by Richard Selzer, 226 pp, $18.95, ISBN 0-394-58535-6, New York, NY, Random House, 1990.
In his five previous collections of stories and essays, physician-writer Richard Selzer has probed and bared the heart and soul of modern medicine. His unique tales of patients, doctors, suffering, and healing have been imbued with unequal doses of love, tragedy, humor, and eccentricity. The result has often been a prescription for healing, which is impure but passionate.
Selzer's latest literary offering is a departure from the familiar scenarios of physicians, patients, and medical themes. Imagine a Woman and Other Tales consists of six curious stories, which continue (and culminate) Selzer's egression from the fervid medical fiction of previous collections. For the most part, these are gloomy narratives in which doctors and medicine appear only peripherally, and the few physicians who are portrayed seem either lifeless or artificially inflated. These bizarre stories are loaded with misery, obsession, madness, and loss. Hope is conspicuously absent in these pages, but fortunately love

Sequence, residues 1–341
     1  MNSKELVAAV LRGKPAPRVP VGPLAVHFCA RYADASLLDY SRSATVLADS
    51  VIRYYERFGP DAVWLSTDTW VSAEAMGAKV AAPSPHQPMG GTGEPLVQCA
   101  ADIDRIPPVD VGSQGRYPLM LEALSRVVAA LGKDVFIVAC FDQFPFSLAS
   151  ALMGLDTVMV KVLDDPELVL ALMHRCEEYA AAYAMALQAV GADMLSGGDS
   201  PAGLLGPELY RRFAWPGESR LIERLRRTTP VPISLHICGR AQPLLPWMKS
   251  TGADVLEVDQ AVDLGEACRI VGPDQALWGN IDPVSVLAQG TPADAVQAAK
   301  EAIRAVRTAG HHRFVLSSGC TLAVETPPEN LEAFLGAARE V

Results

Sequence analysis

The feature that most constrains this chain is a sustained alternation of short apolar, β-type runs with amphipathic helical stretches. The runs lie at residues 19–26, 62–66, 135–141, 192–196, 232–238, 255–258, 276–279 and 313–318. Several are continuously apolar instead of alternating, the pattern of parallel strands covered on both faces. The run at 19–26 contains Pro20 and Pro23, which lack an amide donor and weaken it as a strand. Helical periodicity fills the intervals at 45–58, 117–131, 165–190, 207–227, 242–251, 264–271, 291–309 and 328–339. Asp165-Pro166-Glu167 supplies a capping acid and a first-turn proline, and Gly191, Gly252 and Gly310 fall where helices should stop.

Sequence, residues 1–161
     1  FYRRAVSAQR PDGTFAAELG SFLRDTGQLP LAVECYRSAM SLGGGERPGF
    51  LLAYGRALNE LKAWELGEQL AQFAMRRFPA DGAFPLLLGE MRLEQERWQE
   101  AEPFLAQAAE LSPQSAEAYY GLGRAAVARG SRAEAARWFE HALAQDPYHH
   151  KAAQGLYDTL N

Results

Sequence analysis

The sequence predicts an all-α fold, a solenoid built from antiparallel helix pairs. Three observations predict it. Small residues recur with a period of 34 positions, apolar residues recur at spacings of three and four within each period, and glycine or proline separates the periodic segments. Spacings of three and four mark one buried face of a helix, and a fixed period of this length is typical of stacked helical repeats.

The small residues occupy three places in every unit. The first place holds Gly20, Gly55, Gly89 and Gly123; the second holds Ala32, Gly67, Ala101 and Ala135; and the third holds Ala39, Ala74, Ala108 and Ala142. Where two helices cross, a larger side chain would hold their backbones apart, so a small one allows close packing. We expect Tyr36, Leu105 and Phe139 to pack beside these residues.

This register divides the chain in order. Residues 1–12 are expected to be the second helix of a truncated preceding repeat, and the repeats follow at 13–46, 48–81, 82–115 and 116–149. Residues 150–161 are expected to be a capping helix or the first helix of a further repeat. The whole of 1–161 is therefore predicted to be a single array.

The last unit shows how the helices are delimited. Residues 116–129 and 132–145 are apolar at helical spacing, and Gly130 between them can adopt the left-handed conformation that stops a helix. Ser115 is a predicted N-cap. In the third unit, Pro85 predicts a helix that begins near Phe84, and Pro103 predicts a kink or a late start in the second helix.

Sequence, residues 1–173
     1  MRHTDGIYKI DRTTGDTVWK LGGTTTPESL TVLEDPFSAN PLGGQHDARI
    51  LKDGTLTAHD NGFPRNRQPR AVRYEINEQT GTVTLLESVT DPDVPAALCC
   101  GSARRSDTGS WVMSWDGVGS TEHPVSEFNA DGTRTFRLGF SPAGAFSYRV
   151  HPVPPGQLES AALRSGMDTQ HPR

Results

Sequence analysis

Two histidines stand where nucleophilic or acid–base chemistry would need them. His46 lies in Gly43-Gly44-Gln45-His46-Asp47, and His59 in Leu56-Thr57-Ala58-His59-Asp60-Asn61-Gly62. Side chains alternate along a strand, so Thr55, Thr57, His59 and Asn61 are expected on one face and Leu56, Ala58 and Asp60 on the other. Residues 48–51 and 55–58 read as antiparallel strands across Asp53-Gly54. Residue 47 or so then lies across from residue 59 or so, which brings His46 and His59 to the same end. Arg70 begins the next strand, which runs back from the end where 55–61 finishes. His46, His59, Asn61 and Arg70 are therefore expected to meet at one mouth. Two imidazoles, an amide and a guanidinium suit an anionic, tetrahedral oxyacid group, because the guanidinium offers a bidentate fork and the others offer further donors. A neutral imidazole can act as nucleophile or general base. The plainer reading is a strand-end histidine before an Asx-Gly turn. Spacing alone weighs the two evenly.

Miksanek T. Imagine a Woman and Other Tales. JAMA. 1991;265(8):1032. doi:10.1001/jama.1991.03460080102042